Cerebral Embolization Greater When Valvuloplasty Not Done Before TAVR

Skipping balloon aortic valvuloplasty (BAV) before balloon-expandable TAVR shortens procedure time and lessens contrast amount but may increase the volume of cerebral ischemic lesions detected days after the procedure, according to an observational study published online September 16, 2015, ahead of print in JACC: Cardiovascular Interventions.

Cerebral Embolization Greater When Valvuloplasty Not Done Before TAVR

Joachim Schofer, MD, PhD, of Albertinen Heart Center (Hamburg, Germany), and colleagues looked at data on 87 consecutive high-risk patients older than 75 years who underwent TAVR at a single center and had no contraindications to diffusion-weighted MRI (DW-MRI) at 2 to 7 days after the procedure.

Overall, 32 patients underwent BAV before TAVR. Valvuloplasty was used routinely in those who received a Sapien XT valve (n = 19) and in the subset of patients implanted with the Sapien 3 valve (n = 13; both Edwards Lifesciences) who had severe asymmetric valve calcification or a planimetric aortic valve orifice area ≤ 0.5 as measured by intraprocedural TEE. It was skipped in the remaining 55 patients, who all received Sapien 3 valves.

Baseline characteristics and echocardiographic parameters were similar regardless of whether BAV was performed before TAVR.

Procedural success was slightly lower in the BAV group (93.5% vs 98.2%). Procedures were shorter (58.7 vs 69.2 minutes; P = .0008) and contrast volume was lower (69.8 vs 97.0 mL; P = .0004) when BAV was skipped. The rate of paravalvular leak did not differ between groups. Postdilation was performed in 1 patient in the BAV group and 3 in the no-BAV group due to moderate aortic regurgitation.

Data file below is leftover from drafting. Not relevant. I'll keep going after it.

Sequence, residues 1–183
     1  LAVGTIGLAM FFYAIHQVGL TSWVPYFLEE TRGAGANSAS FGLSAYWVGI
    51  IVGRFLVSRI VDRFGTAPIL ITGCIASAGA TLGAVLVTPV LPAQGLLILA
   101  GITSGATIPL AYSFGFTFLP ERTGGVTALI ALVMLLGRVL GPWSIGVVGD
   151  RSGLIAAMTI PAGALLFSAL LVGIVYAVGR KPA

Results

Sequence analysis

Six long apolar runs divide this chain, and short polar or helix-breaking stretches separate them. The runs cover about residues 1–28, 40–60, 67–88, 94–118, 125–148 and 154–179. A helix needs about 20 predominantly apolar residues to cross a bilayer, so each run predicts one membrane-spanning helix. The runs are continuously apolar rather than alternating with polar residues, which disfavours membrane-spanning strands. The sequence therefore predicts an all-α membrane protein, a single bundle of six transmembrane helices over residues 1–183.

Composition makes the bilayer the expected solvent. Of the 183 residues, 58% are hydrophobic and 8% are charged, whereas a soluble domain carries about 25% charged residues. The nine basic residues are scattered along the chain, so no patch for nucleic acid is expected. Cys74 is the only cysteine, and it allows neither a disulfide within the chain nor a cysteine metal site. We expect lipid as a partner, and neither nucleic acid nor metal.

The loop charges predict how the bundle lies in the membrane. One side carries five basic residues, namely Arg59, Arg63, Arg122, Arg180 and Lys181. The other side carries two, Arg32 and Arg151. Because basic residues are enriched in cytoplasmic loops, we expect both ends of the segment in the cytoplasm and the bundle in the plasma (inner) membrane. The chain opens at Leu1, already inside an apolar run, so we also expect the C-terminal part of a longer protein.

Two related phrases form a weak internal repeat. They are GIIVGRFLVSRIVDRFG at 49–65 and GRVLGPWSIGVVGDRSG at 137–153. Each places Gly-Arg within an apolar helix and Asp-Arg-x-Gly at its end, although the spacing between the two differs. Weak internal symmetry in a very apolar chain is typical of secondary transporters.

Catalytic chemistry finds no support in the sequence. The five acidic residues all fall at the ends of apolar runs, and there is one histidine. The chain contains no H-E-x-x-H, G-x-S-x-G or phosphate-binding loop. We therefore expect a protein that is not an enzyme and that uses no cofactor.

In the 3 days after TAVR, 4 patients (3 without BAV and 1 with BAV) had a clinically apparent stroke and were excluded from further study.

Ischemic Lesion Volume Higher Without BAV

DW-MRI performed an average of 4.8 days after TAVR—4.3 and 5.1 days in the BAV and no-BAV groups, respectively—identified new cerebral ischemic lesions in 66.7% of patients. Total lesion volume was greater in patients who did not undergo BAV (235.4 vs 89.5 mm3; P = .01); incidence and number of ischemic lesions were numerically higher in the no-BAV group, but the differences were not significant.

Lesions were bilateral in 43.1% of affected patients, in the right hemisphere in 24.1%, and in the left hemisphere in 32.8%.

At 30 days, MACCE (death, MI, or stroke) did not occur in any patients. Major vascular complications defined by Valve Academic Research Consortium (VARC)-2 criteria occurred in 3 patients; all had major access site-related bleeding requiring surgical intervention. In addition, 10.3% of patients required a covered stent to treat access site-related perforation or dissection. Vascular complications did not differ based on BAV use.

Difference in Lesion Volume Unexplained

It has been believed that BAV is necessary before balloon-expandable TAVR “to facilitate the crossing of the calcified aortic valve,” Dr. Schofer and colleagues write. “BAV, however, may be associated with several adverse events. It needs rapid pacing, which in the presence of poor left ventricular function may increase the risk of the procedure; it may be associated with aortic rupture; and it may be in part responsible for cerebral embolization with the risk of stroke.”